- The Lorax (Classic Seuss) by Dr. Seuss — Banned for being an allegorical political commentary. I assume this means that Alice in Wonderland and The Wonderful Wizard of Oz are now out too.
- Bony-legs (Hello Reader! Level 1) by Joanna Cole — Banned for magic and witchcraft. Really? In a book about the folktale Bab Yaga no less. Are all witch stories suspect now? This is one of my upcoming Hallwe’en reads.
- In the Night Kitchen (Caldecott Collection) by Maurice Sendak — Banned for nudity when Mickey loses his clothes in the middle of the night. Some teachers actually went so far as to draw pants on him in the pictures.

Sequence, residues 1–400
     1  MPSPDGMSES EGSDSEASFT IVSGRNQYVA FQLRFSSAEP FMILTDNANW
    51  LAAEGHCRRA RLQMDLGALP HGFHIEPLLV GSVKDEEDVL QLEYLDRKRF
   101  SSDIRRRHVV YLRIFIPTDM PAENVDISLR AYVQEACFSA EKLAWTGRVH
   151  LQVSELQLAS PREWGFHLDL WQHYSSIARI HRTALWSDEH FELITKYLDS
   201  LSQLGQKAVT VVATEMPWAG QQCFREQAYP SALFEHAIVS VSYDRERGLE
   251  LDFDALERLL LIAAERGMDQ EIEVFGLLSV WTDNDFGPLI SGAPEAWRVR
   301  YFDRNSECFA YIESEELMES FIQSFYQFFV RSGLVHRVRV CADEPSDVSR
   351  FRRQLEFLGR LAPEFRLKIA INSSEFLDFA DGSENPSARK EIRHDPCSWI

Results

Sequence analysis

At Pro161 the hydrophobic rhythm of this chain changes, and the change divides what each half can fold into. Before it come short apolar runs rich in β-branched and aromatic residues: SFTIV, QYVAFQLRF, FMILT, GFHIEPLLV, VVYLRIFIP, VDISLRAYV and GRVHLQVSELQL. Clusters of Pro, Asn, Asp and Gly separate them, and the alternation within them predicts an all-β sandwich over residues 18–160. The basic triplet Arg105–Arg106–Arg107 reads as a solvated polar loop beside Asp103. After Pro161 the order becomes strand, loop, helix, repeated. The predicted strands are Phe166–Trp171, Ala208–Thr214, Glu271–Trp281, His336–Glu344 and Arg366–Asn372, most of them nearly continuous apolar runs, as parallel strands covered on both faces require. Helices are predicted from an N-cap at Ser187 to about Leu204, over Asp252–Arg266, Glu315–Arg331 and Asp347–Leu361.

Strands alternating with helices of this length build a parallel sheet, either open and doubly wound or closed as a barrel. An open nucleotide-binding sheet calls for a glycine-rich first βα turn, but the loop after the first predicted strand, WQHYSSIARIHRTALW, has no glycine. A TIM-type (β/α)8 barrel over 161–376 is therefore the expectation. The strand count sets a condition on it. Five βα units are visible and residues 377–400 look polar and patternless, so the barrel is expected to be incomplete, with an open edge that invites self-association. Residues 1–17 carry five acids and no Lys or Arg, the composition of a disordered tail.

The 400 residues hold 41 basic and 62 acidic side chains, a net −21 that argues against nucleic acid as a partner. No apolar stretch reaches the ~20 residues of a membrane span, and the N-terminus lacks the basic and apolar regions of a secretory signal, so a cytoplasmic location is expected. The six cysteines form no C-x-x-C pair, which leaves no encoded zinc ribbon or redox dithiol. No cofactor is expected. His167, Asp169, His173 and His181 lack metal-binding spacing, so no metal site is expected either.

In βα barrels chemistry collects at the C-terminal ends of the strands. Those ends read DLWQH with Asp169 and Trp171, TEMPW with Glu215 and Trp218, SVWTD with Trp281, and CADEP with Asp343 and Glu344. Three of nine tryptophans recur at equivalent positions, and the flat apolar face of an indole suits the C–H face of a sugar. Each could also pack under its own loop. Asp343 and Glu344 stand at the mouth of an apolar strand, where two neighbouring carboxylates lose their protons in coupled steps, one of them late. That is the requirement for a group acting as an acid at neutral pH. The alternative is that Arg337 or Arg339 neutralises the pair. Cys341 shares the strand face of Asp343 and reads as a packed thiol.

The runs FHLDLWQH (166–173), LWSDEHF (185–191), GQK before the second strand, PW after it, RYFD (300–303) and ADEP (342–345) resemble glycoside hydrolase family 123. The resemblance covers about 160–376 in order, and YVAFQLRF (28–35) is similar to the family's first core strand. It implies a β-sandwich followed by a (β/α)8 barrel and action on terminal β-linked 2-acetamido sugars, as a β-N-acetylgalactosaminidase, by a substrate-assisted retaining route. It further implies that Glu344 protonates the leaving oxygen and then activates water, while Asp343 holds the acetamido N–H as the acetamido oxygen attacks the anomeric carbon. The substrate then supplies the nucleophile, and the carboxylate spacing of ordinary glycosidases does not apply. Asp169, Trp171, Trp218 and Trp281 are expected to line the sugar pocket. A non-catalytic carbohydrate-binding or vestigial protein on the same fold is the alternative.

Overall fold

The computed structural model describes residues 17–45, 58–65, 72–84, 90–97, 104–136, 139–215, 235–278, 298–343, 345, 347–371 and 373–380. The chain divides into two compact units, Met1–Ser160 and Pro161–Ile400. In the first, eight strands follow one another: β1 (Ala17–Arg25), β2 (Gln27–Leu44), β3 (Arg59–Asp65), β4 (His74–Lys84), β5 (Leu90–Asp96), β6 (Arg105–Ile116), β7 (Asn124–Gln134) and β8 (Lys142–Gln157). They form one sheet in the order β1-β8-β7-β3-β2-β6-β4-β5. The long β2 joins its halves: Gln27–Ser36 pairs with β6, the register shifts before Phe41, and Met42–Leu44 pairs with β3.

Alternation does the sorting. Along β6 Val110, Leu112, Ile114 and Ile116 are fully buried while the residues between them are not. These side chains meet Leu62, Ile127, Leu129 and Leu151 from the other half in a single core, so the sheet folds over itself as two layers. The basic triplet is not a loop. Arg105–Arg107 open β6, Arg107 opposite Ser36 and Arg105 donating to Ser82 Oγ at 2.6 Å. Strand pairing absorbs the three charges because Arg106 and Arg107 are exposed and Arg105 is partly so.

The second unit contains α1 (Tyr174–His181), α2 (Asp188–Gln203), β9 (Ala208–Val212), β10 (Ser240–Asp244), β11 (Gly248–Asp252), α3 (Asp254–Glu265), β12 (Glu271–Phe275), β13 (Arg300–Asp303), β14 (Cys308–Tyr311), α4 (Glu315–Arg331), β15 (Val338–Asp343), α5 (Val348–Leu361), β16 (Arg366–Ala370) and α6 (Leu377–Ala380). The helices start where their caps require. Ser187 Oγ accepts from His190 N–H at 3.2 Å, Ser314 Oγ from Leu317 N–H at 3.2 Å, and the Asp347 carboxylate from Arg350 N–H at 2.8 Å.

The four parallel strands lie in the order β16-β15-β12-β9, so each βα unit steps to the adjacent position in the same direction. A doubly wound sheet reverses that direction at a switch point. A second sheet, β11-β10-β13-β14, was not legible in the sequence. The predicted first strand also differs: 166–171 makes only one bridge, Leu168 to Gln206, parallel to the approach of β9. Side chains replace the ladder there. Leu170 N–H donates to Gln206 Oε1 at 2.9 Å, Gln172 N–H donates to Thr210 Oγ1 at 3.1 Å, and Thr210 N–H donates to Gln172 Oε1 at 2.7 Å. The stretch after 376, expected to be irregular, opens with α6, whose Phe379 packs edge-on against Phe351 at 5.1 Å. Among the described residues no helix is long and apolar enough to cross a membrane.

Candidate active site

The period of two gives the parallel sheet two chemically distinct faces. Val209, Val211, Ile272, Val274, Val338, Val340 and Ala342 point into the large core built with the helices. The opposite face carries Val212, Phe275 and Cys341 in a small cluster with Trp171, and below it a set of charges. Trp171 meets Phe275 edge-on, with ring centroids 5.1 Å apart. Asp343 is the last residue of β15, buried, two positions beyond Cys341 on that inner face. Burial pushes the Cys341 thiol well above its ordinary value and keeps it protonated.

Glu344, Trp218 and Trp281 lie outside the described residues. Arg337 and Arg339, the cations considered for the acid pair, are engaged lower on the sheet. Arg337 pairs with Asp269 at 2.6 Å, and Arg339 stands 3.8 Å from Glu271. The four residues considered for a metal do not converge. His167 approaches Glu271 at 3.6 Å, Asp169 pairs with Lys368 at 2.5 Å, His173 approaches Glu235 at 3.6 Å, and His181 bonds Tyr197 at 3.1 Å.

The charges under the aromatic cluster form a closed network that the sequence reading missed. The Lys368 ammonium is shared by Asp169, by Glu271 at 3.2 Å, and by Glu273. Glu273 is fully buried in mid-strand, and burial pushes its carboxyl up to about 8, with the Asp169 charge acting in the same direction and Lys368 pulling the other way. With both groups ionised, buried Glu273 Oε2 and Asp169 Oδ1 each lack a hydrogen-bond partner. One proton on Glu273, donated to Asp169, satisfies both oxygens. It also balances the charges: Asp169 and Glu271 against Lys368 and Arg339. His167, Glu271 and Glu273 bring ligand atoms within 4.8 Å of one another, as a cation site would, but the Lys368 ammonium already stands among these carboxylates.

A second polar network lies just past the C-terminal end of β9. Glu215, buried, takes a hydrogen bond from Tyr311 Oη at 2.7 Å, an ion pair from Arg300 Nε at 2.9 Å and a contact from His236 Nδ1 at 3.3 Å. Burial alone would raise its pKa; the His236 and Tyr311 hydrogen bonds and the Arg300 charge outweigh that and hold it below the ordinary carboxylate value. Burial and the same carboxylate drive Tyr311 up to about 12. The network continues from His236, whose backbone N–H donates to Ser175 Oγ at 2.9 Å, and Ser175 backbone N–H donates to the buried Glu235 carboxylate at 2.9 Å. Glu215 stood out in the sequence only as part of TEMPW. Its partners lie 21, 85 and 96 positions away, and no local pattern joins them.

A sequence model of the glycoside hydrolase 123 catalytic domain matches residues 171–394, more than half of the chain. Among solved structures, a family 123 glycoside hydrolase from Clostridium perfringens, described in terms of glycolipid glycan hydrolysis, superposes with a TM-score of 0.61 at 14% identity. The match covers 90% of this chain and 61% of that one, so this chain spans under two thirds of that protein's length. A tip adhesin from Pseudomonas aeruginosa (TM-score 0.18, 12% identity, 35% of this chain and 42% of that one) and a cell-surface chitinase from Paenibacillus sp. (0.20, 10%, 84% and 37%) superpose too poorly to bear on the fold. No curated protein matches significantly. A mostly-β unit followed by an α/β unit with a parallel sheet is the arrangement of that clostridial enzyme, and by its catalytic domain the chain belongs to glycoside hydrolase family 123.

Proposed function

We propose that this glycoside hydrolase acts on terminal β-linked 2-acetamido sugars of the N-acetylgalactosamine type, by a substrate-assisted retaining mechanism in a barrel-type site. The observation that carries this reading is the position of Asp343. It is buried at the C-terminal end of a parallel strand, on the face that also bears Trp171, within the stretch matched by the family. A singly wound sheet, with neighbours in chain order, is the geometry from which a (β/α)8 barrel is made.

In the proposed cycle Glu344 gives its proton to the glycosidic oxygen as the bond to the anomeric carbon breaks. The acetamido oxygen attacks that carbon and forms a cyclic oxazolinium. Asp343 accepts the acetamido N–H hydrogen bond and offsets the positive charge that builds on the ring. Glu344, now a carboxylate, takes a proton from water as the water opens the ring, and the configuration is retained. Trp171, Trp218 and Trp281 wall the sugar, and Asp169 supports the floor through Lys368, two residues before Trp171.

- Sylvester and the Magic Pebble by William Steig — Banned because of the the depiction of the characters as animals, particularly the police as pigs, apparently upset people.
- The Five Chinese Brothers (Paperstar) by Claire Hutchet Bishop — Banned from an elementary school because it is deemed too violent.
Little Red Riding Hood
by Trina Schart Hyman — Challenged because Little Red has a bottle of wine in her basket, promoting alcohol to minors.
The Story of Babar
by Jean de Brunhoff — Challenged for promoting colonialism and being “politically and morally offensive”.
Where the Wild Things Are
by Maurice Sendak — Challenged for having witchcraft, supernatural elements, and a child who yells at his mother.
¹. This makes it even better because the Texans who made this decision didn’t even use Wikipedia to look him up and find out that he is not a Marxist but a Maoist.